All of Android is open source, except Google Play/Market, Gmail app, Google Maps, etc If you want your phone to have the Google App store, then you need to obey their terms and conditions. Just because the OS is open source doesn't mean any program which runs on it has to be. There are plenty of non GPL programs available for Linux! An android phone WITHOUT access to Google app store, Google Maps, Calender, Gmail etc isn't going to be much use to the majority of Android users. This is how Google controls Android.
  • by Anonymous Coward on Thursday February 13, 2014 @02:20PM (#46239639)

    You're right, the Apple license to allow me to use iOS and Apple apps on my own phone brand is MUCH more open. At least according to my unicorn lawyer.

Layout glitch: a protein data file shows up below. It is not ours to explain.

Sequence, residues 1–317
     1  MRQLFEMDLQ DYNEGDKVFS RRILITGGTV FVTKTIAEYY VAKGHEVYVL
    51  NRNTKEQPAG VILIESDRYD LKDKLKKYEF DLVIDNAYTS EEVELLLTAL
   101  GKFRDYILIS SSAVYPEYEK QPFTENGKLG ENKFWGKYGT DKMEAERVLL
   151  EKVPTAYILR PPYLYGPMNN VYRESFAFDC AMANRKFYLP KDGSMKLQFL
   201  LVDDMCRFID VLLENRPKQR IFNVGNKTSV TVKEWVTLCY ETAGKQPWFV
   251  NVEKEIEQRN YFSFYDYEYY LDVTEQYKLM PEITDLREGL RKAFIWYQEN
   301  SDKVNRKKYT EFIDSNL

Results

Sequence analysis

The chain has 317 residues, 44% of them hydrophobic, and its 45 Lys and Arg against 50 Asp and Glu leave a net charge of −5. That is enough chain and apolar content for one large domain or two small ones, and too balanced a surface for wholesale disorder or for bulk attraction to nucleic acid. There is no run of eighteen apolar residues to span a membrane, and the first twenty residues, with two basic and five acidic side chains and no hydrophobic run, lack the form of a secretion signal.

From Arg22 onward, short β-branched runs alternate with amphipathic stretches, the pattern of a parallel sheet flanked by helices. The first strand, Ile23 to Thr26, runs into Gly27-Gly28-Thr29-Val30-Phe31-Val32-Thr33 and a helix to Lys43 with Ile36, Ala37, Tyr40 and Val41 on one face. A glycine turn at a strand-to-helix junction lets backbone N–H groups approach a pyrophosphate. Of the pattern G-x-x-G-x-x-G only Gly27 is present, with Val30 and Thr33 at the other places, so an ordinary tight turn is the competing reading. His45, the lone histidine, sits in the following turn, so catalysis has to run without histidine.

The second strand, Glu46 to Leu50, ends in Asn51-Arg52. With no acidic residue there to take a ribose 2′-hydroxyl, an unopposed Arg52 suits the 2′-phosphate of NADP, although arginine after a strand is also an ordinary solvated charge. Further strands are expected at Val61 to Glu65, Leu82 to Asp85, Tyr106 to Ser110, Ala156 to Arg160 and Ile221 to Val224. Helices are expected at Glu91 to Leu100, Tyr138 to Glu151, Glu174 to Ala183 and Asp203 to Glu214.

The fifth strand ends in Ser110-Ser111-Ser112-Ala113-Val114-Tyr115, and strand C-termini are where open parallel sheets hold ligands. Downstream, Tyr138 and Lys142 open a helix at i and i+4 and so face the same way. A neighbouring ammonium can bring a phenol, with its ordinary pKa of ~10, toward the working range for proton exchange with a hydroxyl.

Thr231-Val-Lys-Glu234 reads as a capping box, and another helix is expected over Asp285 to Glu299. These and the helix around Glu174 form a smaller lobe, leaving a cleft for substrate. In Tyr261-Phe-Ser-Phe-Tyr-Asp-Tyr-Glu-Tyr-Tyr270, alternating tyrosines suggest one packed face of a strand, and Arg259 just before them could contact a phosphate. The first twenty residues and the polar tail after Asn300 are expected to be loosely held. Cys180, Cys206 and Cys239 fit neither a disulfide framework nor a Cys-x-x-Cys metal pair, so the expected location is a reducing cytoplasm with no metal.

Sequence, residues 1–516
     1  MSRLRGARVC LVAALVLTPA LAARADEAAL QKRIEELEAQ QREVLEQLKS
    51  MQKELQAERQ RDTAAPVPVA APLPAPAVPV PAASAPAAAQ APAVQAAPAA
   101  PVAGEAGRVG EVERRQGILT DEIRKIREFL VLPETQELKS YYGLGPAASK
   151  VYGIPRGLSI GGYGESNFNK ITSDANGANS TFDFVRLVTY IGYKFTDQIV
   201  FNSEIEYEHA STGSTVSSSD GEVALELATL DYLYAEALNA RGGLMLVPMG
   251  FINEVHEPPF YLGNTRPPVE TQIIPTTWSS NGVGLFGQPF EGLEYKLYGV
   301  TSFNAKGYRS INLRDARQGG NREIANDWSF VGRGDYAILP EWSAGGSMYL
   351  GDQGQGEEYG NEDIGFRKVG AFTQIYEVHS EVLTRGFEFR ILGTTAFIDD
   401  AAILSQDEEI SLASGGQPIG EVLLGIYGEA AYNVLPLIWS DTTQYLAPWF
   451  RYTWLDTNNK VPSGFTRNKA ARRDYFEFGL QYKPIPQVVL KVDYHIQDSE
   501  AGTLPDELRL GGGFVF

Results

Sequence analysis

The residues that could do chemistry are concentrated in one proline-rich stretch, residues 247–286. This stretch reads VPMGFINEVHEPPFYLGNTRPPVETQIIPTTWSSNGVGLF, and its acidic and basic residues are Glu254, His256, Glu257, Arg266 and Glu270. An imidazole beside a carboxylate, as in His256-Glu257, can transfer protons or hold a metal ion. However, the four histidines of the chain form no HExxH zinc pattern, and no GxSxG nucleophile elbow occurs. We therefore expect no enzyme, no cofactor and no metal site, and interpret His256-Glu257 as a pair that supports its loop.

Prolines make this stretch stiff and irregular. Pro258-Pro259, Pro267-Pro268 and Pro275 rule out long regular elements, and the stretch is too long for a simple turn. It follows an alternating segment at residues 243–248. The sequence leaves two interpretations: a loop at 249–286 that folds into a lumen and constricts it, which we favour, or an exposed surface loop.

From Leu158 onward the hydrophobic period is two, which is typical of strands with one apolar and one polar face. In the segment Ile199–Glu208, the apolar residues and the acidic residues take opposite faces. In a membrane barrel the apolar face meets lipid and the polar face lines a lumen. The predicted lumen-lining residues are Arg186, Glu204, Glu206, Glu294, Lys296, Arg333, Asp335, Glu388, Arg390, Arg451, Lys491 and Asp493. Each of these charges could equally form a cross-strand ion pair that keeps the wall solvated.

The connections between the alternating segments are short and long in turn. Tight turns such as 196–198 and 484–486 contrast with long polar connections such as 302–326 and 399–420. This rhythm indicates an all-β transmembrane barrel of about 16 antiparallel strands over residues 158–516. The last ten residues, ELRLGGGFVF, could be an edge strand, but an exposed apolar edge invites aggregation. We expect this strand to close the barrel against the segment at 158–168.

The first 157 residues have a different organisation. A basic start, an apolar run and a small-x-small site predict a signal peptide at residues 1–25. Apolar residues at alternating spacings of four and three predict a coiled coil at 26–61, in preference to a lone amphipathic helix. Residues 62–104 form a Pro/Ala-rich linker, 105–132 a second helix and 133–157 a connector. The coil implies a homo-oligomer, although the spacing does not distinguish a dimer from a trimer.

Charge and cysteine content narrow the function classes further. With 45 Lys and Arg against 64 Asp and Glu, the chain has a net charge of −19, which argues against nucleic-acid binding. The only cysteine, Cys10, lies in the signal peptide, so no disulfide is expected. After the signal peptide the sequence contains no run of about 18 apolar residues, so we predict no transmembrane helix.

He said HONEST not OPEN

  • Re:First post? (Score:5, Insightful)

    by bondsbw (888959) on Thursday February 13, 2014 @02:27PM (#46239695)

    What about the ability to unlock the bootstrapper? My Motorola phone, which came out while Motorola was owned by Google, doesn't allow me to unlock the bootstrapper. No exploit exists, so no CyanogenMod for me... and Motorola's last OS update was to 4.1.2 over a year ago, and I purchased the phone with that version.

    I don't see how you can say there is a requirement to "maintain the platform's open-ness" when the company you own doesn't keep their devices open.

  • Slow day? (Score:3, Insightful)

    by aergern (127031) on Thursday February 13, 2014 @02:31PM (#46239725)

    Why is this news? This has been known for a very, very long time.

    Android is Android and Google apps are Google's apps.